The apertures 20 in the wall of the cylinder 32 are generally rectangular in shape, and provide walls 34 against which the bearings 18 may bear to produce relative rotational movement between the shaft 26 and the fixed member 14, in a manner below described. It should be noted also that the shape of the apertures 20, although illustrated as being rectangular, may be changed as necessary to accommodate different shaped bearings, the bearings 18 shown being cylindrically configured. Also, the number of apertures 20 may be selected to provide harmonic alignment with the bearing seats 22 to enable progressive engagement between the bearings, bearing seats, and cam 16. In the embodiment shown, for example, 14 apertures and bearings are provided to progressively align with 15 bearing seats 22 during rotation of the cam 16.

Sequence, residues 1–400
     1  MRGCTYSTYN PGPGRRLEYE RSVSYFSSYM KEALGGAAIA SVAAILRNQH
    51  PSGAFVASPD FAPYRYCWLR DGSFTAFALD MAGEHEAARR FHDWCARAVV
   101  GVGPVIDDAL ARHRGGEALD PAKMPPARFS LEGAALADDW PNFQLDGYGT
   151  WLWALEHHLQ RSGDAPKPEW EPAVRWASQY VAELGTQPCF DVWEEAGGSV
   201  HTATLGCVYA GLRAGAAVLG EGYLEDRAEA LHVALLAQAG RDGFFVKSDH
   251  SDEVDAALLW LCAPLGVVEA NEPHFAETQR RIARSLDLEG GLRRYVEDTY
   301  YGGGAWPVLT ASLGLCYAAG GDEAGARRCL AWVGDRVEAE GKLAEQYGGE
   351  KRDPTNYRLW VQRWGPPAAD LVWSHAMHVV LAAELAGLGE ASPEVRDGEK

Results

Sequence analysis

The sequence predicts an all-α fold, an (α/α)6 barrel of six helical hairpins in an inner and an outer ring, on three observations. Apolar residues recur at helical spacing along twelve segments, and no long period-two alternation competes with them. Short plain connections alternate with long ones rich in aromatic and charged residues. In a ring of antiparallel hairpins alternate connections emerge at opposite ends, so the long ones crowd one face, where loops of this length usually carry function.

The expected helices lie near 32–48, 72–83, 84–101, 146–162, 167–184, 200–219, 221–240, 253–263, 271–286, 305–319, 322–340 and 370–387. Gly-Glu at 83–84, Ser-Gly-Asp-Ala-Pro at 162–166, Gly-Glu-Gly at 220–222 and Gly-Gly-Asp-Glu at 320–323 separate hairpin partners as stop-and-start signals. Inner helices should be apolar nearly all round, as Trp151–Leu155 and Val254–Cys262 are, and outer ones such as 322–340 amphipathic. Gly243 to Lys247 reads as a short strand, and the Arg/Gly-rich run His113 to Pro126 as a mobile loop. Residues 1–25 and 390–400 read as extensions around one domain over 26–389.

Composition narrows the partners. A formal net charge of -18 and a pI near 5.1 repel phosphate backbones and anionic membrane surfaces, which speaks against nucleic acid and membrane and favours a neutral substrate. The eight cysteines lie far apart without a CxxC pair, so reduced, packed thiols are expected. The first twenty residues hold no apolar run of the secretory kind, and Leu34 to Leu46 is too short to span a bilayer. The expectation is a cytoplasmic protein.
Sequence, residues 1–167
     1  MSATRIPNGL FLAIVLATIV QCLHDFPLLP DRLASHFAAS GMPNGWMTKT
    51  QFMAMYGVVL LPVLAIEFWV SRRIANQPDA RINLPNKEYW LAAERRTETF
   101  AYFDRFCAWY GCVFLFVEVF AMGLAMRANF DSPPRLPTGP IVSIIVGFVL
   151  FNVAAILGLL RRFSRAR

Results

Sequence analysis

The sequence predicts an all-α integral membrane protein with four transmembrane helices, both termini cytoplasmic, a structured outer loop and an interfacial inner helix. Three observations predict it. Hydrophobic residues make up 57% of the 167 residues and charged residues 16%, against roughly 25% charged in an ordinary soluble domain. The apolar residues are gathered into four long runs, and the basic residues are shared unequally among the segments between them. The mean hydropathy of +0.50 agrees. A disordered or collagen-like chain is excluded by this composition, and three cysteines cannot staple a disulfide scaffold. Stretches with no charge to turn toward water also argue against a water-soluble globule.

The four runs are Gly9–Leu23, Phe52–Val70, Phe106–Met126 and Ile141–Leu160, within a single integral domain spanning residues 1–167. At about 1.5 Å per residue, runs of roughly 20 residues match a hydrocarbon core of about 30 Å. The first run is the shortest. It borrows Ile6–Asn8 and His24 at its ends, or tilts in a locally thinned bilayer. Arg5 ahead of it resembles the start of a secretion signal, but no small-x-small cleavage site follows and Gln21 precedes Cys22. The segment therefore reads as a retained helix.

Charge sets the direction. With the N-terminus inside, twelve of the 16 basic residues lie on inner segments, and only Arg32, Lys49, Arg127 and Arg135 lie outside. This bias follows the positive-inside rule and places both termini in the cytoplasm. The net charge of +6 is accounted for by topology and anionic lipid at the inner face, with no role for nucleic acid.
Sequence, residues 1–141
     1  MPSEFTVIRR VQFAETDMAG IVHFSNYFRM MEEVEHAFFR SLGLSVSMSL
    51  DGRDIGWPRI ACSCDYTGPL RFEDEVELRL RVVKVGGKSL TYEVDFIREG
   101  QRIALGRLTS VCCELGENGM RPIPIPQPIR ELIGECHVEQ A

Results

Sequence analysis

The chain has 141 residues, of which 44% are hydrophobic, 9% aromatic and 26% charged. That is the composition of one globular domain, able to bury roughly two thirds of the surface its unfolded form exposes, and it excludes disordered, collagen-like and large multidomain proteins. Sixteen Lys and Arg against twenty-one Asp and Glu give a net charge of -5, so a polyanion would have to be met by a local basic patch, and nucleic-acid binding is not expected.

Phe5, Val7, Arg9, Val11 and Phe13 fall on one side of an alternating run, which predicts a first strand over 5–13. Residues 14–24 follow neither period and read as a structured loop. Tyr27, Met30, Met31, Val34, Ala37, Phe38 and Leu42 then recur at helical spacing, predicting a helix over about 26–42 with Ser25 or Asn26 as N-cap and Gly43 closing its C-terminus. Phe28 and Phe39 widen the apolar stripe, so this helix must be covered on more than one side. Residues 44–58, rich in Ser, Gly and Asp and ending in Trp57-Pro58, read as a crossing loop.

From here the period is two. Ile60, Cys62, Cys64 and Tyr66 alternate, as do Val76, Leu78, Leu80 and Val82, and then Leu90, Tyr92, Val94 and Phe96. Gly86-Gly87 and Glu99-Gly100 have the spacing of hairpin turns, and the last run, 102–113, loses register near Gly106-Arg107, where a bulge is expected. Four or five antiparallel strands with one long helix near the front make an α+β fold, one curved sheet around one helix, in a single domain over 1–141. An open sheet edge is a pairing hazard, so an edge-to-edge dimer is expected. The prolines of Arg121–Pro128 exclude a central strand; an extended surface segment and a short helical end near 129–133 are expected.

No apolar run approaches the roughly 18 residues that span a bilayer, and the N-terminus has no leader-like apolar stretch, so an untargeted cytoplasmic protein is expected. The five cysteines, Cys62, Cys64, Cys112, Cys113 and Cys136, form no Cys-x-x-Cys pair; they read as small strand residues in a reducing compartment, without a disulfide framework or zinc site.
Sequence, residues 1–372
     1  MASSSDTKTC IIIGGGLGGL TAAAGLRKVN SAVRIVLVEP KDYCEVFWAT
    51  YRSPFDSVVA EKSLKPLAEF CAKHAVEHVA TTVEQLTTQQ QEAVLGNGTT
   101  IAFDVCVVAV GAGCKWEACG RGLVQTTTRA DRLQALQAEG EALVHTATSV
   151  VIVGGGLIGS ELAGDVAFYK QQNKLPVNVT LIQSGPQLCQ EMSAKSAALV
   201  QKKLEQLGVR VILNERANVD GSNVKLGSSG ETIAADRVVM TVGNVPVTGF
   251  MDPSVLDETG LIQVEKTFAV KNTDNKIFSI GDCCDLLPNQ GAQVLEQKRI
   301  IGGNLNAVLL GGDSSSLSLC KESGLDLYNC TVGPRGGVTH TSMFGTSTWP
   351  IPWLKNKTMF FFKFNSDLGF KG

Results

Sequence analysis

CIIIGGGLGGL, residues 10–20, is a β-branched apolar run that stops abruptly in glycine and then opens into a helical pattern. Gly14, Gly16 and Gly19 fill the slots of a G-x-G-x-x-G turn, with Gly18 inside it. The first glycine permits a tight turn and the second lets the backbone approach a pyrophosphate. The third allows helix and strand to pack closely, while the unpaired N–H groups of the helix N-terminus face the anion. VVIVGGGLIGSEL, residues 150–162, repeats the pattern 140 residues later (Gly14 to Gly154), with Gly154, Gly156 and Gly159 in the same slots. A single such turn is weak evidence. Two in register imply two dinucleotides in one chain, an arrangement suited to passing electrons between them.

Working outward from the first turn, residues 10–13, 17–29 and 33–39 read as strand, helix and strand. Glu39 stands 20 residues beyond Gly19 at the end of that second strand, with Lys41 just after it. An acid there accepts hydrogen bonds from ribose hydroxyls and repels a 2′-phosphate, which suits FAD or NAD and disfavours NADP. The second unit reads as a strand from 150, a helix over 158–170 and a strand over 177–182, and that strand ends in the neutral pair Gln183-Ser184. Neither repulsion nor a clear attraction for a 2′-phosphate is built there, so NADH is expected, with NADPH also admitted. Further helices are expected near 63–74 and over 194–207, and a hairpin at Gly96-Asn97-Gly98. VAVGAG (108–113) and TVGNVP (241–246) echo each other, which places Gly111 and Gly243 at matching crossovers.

The ratio of input turns to output turns is dependent upon the number of rollers 18 and their respective guide windows 20, compared to the number of guide seats 22 in the outermost cylinder 14. Thus, for example, if 14 rollers 18 are provided, and 15 guide seats 22 are provided, a 15:1 ratio results. Therefore, each full turn of the cam forces a wave of advancing engagement of rollers 18 into the guide seats 22 to reposition the cylinder 121/15 of a turn.
The hollow fixed member 14 which coaxially contains the shaft 26 has a flange 36 for attachment to a stationary portion of the structure to be rotated. For example, if the device 10 is used to rotatably position a headrest of a seat, as above described, the flange 36 may be attached to a stationary seat portion to enable relative rotational movement between the headrest and seat back.